create pool test_http_pool {
        members add {
            10.0.0.131:http {
                state up
            }
            10.0.0.132:http {
                state up
            }
            10.0.0.133:http {
                session disabled
                state down
            }
        }
        monitor http
    }
    *Also node the 'add' statement after the members component. This is necessary when adding new pool members.
  7. Finally, we’ll create our virtual server:
    test-ltm-02(Active)(tmos)# edit ltm virtual test_http_virtual =>
    
    create virtual test_http_virtual {
        destination 10.0.0.200:http
        ip-protocol tcp
        mask 255.255.255.255
        mirror enabled
        pool test_http_pool
        profiles add {
            http { }
            tcp-lan-optimized { }
        }
        snat automap
    }
    *Note the 'add' statement after profiles.
  8. We’ll address the next series of steps in “The Cutover” section.

Alternative Approach – Moving The Entire Configuration

As was mentioned at the beginning of this section, this approach may not be feasible if you are dealing with hundreds or thousands of virtual addresses and servers. In that case you’ll probably want to go about dumping the entire configuration, moving it to the new unit(s), changing the unit-specific values (self-IPs, hostname, etc.) in bigip_base.conf, working out any kinks, loading it (with the interface cables removed), then disabling ARP for all the virtual addresses using a TMSH script, cabling it up, then cutting over one virtual at a time. Let’s walk through the individual steps:

  1. Save a UCS archive from your source unit(s):
    test-ltm-01(Active)(tmos)# save sys ucs test-ltm-01-final-20110817 =>
    
    Saving active configuration...
  2. Breakout to BASH and SCP the archive to the target unit:
    test-ltm-01(Active)(tmos)# run util bash
    
    [root@test-ltm-01:Active] ~ # scp /var/local/ucs/test-ltm-01-final-20110817.ucs test-ltm-02:/var/local/ucs/.
  3. Make sure that all of the interface cables are removed for the time being, then load the UCS on the target unit:
    test-ltm-02(Active)(tmos)# load sys ucs test-ltm-01-final-20110817.ucs =>
    
    Saving active configuration...
    Current configuration backed up to /var/local/ucs/cs_backup.ucs.
    Product : BIG-IP
    Version : 10.2.1
    Hostname: test-ltm-02.f5.com
    Installing --full-- configuration on host test-ltm-02.f5.com
    Installing configuration...
    Installing the license file...
    Post-processing...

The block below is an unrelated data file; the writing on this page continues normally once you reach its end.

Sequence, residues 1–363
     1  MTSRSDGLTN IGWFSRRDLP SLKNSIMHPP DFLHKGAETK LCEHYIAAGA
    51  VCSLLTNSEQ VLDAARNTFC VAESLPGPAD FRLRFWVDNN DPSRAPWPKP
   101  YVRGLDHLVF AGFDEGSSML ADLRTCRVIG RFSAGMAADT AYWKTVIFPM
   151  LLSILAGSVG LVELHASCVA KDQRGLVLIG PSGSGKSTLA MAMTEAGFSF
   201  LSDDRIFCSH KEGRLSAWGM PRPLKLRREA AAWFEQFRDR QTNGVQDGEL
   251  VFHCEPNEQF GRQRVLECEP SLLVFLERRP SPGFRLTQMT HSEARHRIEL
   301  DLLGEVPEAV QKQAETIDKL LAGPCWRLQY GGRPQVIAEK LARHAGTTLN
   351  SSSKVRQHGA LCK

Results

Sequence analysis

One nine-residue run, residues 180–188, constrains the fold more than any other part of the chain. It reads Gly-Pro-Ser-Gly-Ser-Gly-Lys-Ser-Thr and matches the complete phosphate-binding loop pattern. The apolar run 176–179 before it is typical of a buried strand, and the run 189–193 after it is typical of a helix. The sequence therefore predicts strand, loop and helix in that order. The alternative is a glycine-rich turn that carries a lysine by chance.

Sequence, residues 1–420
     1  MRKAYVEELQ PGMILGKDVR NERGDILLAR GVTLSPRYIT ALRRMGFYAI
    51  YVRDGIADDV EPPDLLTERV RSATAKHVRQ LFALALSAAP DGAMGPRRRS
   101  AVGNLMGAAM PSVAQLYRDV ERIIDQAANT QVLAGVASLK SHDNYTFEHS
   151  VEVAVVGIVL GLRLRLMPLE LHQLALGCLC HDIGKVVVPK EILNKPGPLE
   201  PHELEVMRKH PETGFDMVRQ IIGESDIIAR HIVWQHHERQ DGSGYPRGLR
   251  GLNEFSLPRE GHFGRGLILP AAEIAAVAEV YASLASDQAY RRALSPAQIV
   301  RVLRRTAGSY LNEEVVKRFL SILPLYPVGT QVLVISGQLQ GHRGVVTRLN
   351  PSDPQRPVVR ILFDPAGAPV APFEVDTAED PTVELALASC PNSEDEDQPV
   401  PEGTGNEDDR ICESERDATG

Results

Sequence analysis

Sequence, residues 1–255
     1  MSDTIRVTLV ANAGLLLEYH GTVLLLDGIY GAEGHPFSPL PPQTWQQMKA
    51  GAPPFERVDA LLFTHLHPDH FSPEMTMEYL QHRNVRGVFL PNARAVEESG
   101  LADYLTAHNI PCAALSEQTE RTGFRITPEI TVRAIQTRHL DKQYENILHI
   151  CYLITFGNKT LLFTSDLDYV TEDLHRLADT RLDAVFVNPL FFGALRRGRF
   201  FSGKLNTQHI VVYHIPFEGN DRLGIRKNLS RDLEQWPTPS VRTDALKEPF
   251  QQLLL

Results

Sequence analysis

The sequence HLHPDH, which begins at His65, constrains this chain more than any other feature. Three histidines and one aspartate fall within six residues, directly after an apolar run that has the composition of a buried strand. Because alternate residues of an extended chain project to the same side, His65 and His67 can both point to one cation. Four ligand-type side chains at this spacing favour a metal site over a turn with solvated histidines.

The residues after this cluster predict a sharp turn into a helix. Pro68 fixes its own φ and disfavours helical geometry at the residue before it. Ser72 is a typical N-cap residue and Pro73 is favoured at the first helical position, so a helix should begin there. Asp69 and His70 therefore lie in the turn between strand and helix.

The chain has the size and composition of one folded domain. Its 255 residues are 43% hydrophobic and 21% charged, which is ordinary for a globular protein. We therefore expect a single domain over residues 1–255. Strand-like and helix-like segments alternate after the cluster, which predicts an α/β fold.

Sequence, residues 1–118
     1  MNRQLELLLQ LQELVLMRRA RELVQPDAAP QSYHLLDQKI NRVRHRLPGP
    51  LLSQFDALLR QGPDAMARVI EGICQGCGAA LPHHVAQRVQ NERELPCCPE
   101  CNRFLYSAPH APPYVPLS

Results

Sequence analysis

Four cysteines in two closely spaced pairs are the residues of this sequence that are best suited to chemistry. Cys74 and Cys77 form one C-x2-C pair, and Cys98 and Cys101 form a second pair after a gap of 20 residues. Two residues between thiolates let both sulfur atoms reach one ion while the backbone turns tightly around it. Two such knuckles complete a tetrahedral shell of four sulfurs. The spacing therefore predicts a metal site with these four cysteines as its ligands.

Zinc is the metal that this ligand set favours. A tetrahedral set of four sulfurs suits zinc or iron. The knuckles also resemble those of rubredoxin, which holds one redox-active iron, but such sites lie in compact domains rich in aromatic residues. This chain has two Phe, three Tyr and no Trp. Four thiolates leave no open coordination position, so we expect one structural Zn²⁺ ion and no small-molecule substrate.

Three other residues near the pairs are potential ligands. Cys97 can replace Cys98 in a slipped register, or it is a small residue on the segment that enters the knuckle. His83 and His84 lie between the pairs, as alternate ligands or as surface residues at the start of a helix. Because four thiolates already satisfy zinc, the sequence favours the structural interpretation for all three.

Reloading License and configuration - this may take a few minutes...
    Full configuration has been loaded successfully.
  4. Make necessary changes to bigip_base.conf, save, and load it:
    test-ltm-02(Active)(tmos)# run util bash
    
    [root@test-ltm-02:Active] ~ # vi /config/bigip_base.conf
  5. Use the toggle-virtual-address-arp TMSH script to disable ARP for all of the virtual addresses on the unit. Copy the code from the script (may be easier to copy from the Codeshare) and paste it into the text editor via TMSH:
    [root@test-ltm-02:Active] ~ # edit cli script toggle-virtual-address-arp.tcl
    Code:
       1: proc script::run {} {
       2:     set state [lindex $tmsh::argv 1]
       3: 
       4:     if { $state ne "disabled" && $state ne "enabled" } {
       5:         puts "Requires one argument: \[enabled/disabled\] "
       6:     } else {
       7:         foreach {address} [tmsh::get_config /ltm virtual-address] {
       8:             tmsh::modify /ltm virtual-address [tmsh::get_name $address] arp $state
       9:             puts "ARP $state for virtual address [tmsh::get_name $address]"
      10:         }
      11:     }
      12: }
      13: 
      14: proc script::help {} {
      15:     tmsh::add_help "Enable/Disable ARP for all virtual addresses on this unit\n\ntoggle-virtual-address-arp \[enabled/disabled\]"
      16: }
      17: 
  6. Once you have toggle-virtual-address-arp.tcl script in place on your target LTM, run it to disable ARP for all the virtual addresses:
    test-ltm-02(Active)(tmos)# run cli script toggle-virtual-address-arp.tcl disabled =>
    
    ARP disabled for virtual address 10.0.0.202
    ARP disabled for virtual address 10.0.0.205
    ARP disabled for virtual address 10.0.0.206